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Journal ArticleDOI
TL;DR: In this paper, the steady-state flame spread over a thermally thin solid fuel is investigated, and qualitative agreement is obtained with experimental results in the near-extinction limit region.

183 citations


"Energy Balance Models of Downward C..." refers background in this paper

  • ...The opposed flow gas velocity Vg is assumed to vary accordingly to the expression (Frey and T’ien, 1979) Vg=Vg,ref1⁄4 [ag(Tf,ad T1)]=[ag,ref (Tf,ad,ref T1)], where the reference values correspond to those at XO21⁄4 21% with Vg,ref1⁄4 0....

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  • ...The opposed flow gas velocity Vg is assumed to vary accordingly to the expression (Frey and T’ien, 1979) Vg=Vg,ref¼ [ag(Tf,ad T1)]1=3=[ag,ref (Tf,ad,ref T1)]1=3, where the reference values correspond to those at XO2¼ 21% with Vg,ref¼ 0.3ms 1....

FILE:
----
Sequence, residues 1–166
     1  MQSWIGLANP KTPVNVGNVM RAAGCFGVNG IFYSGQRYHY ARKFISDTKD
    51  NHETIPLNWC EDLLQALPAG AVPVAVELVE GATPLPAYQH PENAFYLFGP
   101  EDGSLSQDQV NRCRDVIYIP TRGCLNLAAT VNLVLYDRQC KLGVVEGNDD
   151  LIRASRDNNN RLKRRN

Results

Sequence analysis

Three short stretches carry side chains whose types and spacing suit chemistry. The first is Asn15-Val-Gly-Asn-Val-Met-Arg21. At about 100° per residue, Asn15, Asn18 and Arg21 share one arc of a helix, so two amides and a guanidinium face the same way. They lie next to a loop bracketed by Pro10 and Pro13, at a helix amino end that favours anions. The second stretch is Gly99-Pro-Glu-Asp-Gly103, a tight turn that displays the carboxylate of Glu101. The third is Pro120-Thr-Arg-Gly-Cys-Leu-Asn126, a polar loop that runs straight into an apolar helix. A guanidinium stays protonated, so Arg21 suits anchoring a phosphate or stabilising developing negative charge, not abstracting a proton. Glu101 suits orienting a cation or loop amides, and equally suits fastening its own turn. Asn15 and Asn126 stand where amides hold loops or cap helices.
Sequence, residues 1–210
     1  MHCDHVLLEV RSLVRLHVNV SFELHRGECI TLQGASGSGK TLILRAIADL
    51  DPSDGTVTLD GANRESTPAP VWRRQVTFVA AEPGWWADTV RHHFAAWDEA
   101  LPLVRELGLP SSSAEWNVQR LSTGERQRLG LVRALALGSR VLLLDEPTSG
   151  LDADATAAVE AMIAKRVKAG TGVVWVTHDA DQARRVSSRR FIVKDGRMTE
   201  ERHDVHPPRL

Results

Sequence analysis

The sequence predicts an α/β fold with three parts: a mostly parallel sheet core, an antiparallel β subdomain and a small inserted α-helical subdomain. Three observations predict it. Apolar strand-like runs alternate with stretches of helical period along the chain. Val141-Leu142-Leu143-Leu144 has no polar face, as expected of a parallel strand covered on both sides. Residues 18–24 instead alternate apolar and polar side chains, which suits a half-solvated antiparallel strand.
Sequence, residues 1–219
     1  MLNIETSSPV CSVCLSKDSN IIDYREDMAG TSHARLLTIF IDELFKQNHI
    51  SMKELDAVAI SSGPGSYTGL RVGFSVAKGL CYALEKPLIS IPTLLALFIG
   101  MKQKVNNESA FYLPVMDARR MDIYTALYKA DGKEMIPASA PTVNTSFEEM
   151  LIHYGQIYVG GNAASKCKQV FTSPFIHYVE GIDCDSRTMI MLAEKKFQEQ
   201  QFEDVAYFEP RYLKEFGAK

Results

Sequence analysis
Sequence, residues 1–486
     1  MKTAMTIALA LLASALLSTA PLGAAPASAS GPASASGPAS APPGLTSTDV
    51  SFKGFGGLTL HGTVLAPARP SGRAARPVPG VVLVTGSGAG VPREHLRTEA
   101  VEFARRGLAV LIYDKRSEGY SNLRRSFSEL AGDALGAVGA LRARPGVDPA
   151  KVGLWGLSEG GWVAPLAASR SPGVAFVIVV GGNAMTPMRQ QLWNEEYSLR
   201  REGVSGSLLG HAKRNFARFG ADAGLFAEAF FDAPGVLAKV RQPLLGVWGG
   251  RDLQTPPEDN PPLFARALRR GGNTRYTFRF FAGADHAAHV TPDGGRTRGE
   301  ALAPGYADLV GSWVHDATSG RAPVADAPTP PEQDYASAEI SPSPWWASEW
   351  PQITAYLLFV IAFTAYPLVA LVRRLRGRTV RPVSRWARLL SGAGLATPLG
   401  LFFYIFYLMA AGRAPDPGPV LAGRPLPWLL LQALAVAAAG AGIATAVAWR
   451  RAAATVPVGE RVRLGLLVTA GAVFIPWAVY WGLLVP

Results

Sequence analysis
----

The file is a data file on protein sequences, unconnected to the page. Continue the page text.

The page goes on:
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Journal ArticleDOI
01 Jan 1981
TL;DR: In this article, the velocity of flame propagation over the surface of thick PMMA and thin paper sheets has been measured as a function of the velocity and oxygen concentration of a forced gas flow opposing the direction of the flame propagation.